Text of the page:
This being Kenya, there were suspicions among his circle of friends that he was yet another Luo big man assassinated by the government. But Barack had a history of driving drunk and getting into accidents. Mama Sarah told Firstbrook, “We think there was foul play there.” Charles Oluoch—President Obama’s cousin—offered one family theory: his uncle had been poisoned in the bar: “They put something in your drink and they know you will be driving. At a certain point, you will lose control. It will look as if it was an accident.” Firstbrook passes this on as a “very serious accusation,” and you can see why the Obamas want to believe it. It makes the stupidity of death in the last of a series of alcohol-fueled accidents easier to accept: it also suggests that Barack Obama Sr.—a drunk who had talked himself out of one job after another—was still important enough to be worth killing.

Learning what President Obama’s father was like hardly makes one feel that our president would have been better off if Barack Obama Sr. had stuck around. Indeed, the son’s isolation from his father and grandfather—and his immersion in his mother’s happier and much more helpful family—must be part of what explains the contrasts between his persona and theirs. He is inclined to caution and self-restraint; they tended to be impulsive. He is slow to anger; they ignited like flash paper. They were men who desired many women and honored none; the President’s marriage seems a model of love and respect. What the three generations of Obama men have in common is intelligence, charm, ambition, and pride. But no doubt his Dunham ancestors could lay claim to those traits, too.

So don’t turn to The Obamas for enlightenment about the hidden motives of presidential policy making. The appeal of this book is, rather, like that of those centuries-spanning sagas that James Michener used to publish. At its best, Firstbrook’s book uses the glamour of the Obama name to invite readers to learn about a not-atypical East African family, and so gain insights into Kenyan history. The mistake would be to regard this family history as a fount of insight into our Obama.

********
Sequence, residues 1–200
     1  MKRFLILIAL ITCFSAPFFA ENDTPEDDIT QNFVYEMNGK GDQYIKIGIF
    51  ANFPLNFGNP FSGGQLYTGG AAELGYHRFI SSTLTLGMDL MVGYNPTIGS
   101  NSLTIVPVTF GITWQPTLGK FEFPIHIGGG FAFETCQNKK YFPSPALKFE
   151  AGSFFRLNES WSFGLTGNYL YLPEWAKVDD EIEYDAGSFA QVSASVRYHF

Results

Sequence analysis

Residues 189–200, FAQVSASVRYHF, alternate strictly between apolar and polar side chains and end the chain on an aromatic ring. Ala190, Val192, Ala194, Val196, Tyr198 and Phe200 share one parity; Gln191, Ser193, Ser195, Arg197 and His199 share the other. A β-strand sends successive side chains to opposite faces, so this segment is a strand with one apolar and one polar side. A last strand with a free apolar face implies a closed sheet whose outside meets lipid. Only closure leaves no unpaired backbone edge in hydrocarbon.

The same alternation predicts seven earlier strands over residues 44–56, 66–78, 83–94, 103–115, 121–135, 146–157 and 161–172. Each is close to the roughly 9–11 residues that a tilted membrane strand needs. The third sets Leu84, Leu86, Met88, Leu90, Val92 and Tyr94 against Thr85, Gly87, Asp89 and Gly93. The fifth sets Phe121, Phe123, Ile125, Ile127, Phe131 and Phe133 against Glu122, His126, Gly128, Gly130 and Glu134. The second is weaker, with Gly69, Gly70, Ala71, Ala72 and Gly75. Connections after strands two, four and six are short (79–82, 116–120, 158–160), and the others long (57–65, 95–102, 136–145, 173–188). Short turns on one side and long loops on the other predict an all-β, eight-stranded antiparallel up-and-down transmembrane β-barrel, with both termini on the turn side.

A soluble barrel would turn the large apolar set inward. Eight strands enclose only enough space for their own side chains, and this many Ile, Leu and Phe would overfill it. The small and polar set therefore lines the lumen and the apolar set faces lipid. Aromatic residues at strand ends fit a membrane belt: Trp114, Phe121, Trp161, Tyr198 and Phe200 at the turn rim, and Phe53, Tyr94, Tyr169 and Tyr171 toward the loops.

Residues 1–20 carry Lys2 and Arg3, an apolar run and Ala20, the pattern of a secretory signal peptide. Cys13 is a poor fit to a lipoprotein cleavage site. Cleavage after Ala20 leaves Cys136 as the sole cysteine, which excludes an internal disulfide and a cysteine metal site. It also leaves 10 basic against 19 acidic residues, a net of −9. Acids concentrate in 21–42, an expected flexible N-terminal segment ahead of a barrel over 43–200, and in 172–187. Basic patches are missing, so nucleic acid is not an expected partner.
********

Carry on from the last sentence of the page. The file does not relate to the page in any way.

The epigraph to Firstbrook’s prologue is the Luo proverb “Wat en wat,” which means (so he tells us) “Kinship is kinship.” Actually, though, things aren’t that straightforward. One Obama tradition the President has continued is of the son whose father provided a superfluity of reasons for embarrassment. Meanwhile, back in Kendu Bay, the Obamas take pride in their far-off kinsman. Barack Sr.’s sister Hawa Auma—who makes perhaps two dollars a day selling charcoal—may not be rich in the things of this world, but she can kvell over the fact that she is the aunt of the most powerful man in the world.

  1. 4

    No one now believes the official British figures that 11,503 Kenyan Africans were killed; as Firstbrook writes, the death toll of thirty-two European settlers is widely accepted. Caroline Elkins in her controversial Imperial Reckoning: The Untold Story of Britain’s Gulag in Kenya (Henry Holt, 2005) estimates that more than a million Kenyans were detained and that a hundred thousand may have died. 

  2. 5

    A more in-depth discussion of this work, and of this period in Barack Sr.’s life, can be found in Chapter 1 of David Remnick’s The Bridge: The Life and Rise of Barack Obama (Knopf, 2010).